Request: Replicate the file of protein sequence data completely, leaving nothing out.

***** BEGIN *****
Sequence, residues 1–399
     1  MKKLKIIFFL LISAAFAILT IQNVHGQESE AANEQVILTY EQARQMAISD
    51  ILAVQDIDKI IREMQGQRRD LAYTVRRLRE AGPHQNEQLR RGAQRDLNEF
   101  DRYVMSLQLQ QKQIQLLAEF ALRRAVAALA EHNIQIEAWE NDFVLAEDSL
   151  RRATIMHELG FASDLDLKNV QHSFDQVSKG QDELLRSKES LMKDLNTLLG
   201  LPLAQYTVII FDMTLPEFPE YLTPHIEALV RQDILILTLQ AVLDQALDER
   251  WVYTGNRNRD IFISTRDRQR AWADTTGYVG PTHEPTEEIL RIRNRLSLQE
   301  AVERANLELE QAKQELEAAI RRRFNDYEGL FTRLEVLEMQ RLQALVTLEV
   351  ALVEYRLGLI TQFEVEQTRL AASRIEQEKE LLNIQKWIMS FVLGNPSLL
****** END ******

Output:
Sequence, residues 1–399
     1  MKKLKIIFFL LISAAFAILT IQNVHGQESE AANEQVILTY EQARQMAISD
    51  ILAVQDIDKI IREMQGQRRD LAYTVRRLRE AGPHQNEQLR RGAQRDLNEF
   101  DRYVMSLQLQ QKQIQLLAEF ALRRAVAALA EHNIQIEAWE NDFVLAEDSL
   151  RRATIMHELG FASDLDLKNV QHSFDQVSKG QDELLRSKES LMKDLNTLLG
   201  LPLAQYTVII FDMTLPEFPE YLTPHIEALV RQDILILTLQ AVLDQALDER
   251  WVYTGNRNRD IFISTRDRQR AWADTTGYVG PTHEPTEEIL RIRNRLSLQE
   301  AVERANLELE QAKQELEAAI RRRFNDYEGL FTRLEVLEMQ RLQALVTLEV
   351  ALVEYRLGLI TQFEVEQTRL AASRIEQEKE LLNIQKWIMS FVLGNPSLL